The team experienced various successes throughout the HackBeanpot experience. First, the front end programmers were able to successfully integrate the moltinAPI into our project that allowed product information to be easily accessed and managed. Furthermore, our front end programmers developed an even greater understanding of Ionic, which allowed our group to develop our project’s mobile application. Next, our back-end programmers were able to further improve their knowledge of Python, and learn how to implement folders such as NumPy, a library used for scientific computing. The novice members of the team were able to experience Git for the first time in a more realistic setting (beyond school assignments). Every member of the group also continued to learn about new terminology such as APIs, stacks, back-end and front-end programming and were able to learn more about the back-end code of CSS The team was ultimately successful in functioning as a cohesive group in which every skill set was utilized. Communication was also a priority for the group in which we would debrief every one or two hours to set realistic goals and bounce ideas off one another. While there were two novice members in the group, we implemented pair programming to allow them to get the most out of their first hackathon experience. Using technologies that we were familiar with also gave us plenty of time to answer any questions that they may have about the coding project process. The hackathon has also served as an opportunity for experiential learning in which each member was able to apply skills learned in class to a real functioning project, and understand challenges faced by full-time programmers.

Beyond the scope of learning and practicing code, a big success of our HackBeanpot experience was being able to work with so many talented mentors and being able to interact with a variety of people from different backgrounds. This experience has provided each team member with new perspectives toward goal setting, and introduced new thinking methodologies on how to get more experience with coding.


No hackathon is complete without suffering at least a bit of failure, and a compelling need to hack. Originally, our back-end was designed to use the Django framework in the more traditional sense, serving HTML files via templates with references to CSS and JavaScript files and using Django as an overarching container for the project. However, during our first iteration of the frontend-backend integration, we realized that the Ionic framework and the Django framework were not compatible in this way. Our back-end programmers (who both had no experience with web design) realized that the appropriate solution was to use the Django REST Framework to convert our back-end into a callable API and then use API calls to communicate between the front-end and back-end. And this worked! After many iterations, and some fantastic help from mentors late on a Saturday night, we successfully re-implemented our back-end as a callable API. However, the transition of the app from our local computer to the cloud ended up being significantly more difficult than imagined. Our back-end engineers attempted to use multiple cloud based hosting platforms, including and heroku; however, neither platform proved to be viable options. Strapped for time, the team made the bold decision to abandon the predictive analytics provided by our back-end for the sake of the demo, in order to ensure that users of the app would be in the best shape possible for the presentations.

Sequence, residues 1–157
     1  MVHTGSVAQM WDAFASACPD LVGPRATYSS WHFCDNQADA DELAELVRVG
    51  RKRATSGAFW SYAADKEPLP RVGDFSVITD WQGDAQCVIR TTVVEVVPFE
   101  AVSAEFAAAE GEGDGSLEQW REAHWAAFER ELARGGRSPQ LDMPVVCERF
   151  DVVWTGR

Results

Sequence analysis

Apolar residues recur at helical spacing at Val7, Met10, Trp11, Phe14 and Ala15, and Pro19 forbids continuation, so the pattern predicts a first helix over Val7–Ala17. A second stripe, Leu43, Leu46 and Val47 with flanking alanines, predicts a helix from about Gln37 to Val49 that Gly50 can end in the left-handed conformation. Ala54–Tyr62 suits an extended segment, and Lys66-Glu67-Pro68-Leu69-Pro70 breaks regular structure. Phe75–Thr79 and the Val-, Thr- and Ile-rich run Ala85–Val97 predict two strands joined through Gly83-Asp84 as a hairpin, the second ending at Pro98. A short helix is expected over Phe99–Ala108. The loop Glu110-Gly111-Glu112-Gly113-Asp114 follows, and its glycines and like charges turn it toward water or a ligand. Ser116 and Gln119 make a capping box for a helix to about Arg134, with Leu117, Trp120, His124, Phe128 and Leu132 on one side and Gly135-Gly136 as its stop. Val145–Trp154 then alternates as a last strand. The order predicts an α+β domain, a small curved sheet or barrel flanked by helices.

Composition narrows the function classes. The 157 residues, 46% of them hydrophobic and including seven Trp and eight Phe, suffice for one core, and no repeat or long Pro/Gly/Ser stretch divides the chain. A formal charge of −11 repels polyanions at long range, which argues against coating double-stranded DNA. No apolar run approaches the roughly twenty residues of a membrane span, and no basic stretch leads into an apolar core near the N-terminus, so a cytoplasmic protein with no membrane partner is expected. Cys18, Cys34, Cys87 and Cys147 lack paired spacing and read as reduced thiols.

The team would like to thank: 1. Alfred Ababio, for his help with branding, JS, advice for moving forward, and career advice 2. Michael Pelletier, for help with design concept and JS troubleshooting